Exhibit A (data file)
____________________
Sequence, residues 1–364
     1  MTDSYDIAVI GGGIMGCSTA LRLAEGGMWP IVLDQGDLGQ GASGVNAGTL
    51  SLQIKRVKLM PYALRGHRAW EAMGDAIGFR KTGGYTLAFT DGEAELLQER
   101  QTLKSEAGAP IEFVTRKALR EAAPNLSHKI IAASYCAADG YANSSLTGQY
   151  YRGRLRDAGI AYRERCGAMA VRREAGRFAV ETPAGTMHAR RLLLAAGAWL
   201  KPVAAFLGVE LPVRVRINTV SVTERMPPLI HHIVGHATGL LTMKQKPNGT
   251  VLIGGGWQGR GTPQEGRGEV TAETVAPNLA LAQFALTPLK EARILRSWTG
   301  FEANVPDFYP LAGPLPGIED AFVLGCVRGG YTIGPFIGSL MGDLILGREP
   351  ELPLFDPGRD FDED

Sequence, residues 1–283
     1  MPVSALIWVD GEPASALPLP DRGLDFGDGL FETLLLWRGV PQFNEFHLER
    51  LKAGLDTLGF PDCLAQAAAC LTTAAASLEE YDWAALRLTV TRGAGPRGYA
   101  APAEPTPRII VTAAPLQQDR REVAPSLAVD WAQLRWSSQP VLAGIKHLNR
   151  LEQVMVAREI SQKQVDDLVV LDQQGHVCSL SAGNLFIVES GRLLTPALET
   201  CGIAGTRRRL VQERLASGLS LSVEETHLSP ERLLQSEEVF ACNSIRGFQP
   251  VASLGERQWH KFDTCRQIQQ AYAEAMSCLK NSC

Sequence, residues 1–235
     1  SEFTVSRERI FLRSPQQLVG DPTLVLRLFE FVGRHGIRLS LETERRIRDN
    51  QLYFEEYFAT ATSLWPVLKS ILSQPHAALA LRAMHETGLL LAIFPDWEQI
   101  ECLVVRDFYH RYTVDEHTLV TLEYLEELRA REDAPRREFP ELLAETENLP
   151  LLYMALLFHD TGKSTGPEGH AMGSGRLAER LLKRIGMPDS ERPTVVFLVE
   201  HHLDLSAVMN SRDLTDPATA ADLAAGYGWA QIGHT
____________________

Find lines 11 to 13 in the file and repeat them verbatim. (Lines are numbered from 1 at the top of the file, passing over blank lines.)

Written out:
     1  MPVSALIWVD GEPASALPLP DRGLDFGDGL FETLLLWRGV PQFNEFHLER
    51  LKAGLDTLGF PDCLAQAAAC LTTAAASLEE YDWAALRLTV TRGAGPRGYA
   101  APAEPTPRII VTAAPLQQDR REVAPSLAVD WAQLRWSSQP VLAGIKHLNR